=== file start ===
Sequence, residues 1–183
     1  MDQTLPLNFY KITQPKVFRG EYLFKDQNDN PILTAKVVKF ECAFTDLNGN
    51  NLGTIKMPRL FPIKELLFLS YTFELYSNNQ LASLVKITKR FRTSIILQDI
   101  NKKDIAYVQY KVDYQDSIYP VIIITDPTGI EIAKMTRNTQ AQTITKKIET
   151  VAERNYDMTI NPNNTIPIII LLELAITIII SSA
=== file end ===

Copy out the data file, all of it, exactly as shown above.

Sequence, residues 1–183
     1  MDQTLPLNFY KITQPKVFRG EYLFKDQNDN PILTAKVVKF ECAFTDLNGN
    51  NLGTIKMPRL FPIKELLFLS YTFELYSNNQ LASLVKITKR FRTSIILQDI
   101  NKKDIAYVQY KVDYQDSIYP VIIITDPTGI EIAKMTRNTQ AQTITKKIET
   151  VAERNYDMTI NPNNTIPIII LLELAITIII SSA